Tuesday, 2 October 2007

Don't We All Love Bureaucrats!

There's much to admire about the Thai bureaucracies. In the remotest village every house is registered with a number and this is often displayed on a sign outside like the one in the picture. In Bangkok, street numbering is chaotic, often reflecting the order in which buildings were put up, but in the countryside the postman on his motorbike has a much easier time.

Our house in the village far out in the rice fields is number 123 in village number 7. Our address then has a sub-district and a district in Surin province and with this efficient system, letters from England can sometimes reach us within three days.

The house registration system is essential also for personal identification as every Thai has to be registered as residing at a particular address and the house registration book is produced when anything formal has to be done.

If you want to go and get married, you take it and your ID card to the local district office which is an elegant modern building with a cool interior where they open the computer and find your details on-line.

It's a competent and pervasive bureaucratic system owing something to the old Chinese imperial civil service, with shades of the Napoleonic mairie, and it seems to function well. The staff are invariably civil but with high status and power, they're rarely servile. Nonetheless, the aim is good administration and generally I'm impressed by what I've seen.

Certainly there are great legions of Thai civil servants in post and I'm reminded of British India where bureaucratic procedures were made as elaborate as possible to guard against corruption and theft. Inefficiency was not an issue however, as the wages of a clerk were low; indeed expanding employment was seen as an end in itself.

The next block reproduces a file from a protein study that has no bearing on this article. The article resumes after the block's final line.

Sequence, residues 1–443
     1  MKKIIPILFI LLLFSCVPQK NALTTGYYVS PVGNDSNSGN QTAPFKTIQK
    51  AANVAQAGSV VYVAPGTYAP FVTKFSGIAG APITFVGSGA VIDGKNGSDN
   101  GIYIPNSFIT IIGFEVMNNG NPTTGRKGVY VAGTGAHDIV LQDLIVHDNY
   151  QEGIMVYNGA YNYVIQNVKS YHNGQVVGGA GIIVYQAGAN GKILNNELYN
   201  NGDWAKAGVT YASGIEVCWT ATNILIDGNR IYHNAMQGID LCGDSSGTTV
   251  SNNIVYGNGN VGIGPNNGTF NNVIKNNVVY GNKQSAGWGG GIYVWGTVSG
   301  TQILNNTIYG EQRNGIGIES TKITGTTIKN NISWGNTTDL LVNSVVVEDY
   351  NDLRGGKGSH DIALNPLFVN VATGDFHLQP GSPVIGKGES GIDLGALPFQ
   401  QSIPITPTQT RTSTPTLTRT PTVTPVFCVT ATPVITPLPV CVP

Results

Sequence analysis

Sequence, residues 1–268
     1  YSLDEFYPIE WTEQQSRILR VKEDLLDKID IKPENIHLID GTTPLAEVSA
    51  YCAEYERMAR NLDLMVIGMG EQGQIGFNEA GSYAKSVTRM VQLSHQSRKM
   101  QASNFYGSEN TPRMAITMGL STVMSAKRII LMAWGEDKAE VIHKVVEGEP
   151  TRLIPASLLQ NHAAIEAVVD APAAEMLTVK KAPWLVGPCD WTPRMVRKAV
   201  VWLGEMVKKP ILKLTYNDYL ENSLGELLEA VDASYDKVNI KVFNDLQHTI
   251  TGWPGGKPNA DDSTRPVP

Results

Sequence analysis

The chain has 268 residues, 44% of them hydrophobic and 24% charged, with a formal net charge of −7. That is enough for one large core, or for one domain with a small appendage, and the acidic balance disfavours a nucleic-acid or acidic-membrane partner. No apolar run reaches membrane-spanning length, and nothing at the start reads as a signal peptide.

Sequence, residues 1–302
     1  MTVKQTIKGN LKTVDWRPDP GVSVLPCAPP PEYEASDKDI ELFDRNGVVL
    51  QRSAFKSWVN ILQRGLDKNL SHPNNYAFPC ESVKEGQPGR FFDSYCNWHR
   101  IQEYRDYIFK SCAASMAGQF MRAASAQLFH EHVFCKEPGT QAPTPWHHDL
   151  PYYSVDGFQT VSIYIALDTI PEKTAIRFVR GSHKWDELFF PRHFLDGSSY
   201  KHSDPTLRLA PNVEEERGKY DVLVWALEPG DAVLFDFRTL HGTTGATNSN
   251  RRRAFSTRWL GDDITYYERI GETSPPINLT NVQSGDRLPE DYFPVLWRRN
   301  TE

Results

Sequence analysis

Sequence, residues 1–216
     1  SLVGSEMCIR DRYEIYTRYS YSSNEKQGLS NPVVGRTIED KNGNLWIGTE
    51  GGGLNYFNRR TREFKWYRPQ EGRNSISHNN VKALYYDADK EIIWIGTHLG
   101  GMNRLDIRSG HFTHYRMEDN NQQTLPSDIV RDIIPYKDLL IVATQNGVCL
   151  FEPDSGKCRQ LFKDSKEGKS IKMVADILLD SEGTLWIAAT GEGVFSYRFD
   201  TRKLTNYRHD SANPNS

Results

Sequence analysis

As Thailand modernises, I can see bureaucratic over-manning and inefficiency becoming more of an issue. The style of the bureaucracy, depite good data processing looks to be half a century out of date. As an example, The Immigration Department can pull up a print-out of all my entrances and exits over the past few years, which is impressive. Yet when I go to their lair in Suan Plu to apply for an extension of my visa, everything is kept in vast paper files and they seem to keep as many photocopies as possible. The place must be groaning, but it's all stashed away and added to the paper mountain.

The best thing for Thailand would be if some tough politician decided to cut the civil service by half... and it'd still be overmanned. He'd probably get gunned down for his audacity too as Thailand is substantially run by the big bureaucracies which are very powerful and no doubt look after their own. When there are constant changes of government through crisis and military coup, what remains in place but the bureaucrats who always retain a firm grip at the epicentre of power.

Yes, you can certainly admire a bureaucrat who runs a tight ship but when he gives you the run around because he says your papers aren't in order, you can't always bring yourself to love him that much!

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